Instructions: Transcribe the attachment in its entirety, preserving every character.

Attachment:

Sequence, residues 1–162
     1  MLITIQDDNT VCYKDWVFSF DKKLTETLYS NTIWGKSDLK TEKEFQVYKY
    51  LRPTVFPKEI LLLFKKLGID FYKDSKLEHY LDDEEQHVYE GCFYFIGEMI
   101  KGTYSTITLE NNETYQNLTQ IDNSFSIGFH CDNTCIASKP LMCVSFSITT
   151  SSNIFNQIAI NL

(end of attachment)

Sequence, residues 1–162
     1  MLITIQDDNT VCYKDWVFSF DKKLTETLYS NTIWGKSDLK TEKEFQVYKY
    51  LRPTVFPKEI LLLFKKLGID FYKDSKLEHY LDDEEQHVYE GCFYFIGEMI
   101  KGTYSTITLE NNETYQNLTQ IDNSFSIGFH CDNTCIASKP LMCVSFSITT
   151  SSNIFNQIAI NL